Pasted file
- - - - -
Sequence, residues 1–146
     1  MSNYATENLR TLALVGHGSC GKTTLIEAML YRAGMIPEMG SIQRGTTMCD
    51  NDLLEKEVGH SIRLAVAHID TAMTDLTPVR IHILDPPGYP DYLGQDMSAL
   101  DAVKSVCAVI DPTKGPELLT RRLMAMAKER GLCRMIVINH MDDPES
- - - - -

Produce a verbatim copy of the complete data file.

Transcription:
Sequence, residues 1–146
     1  MSNYATENLR TLALVGHGSC GKTTLIEAML YRAGMIPEMG SIQRGTTMCD
    51  NDLLEKEVGH SIRLAVAHID TAMTDLTPVR IHILDPPGYP DYLGQDMSAL
   101  DAVKSVCAVI DPTKGPELLT RRLMAMAKER GLCRMIVINH MDDPES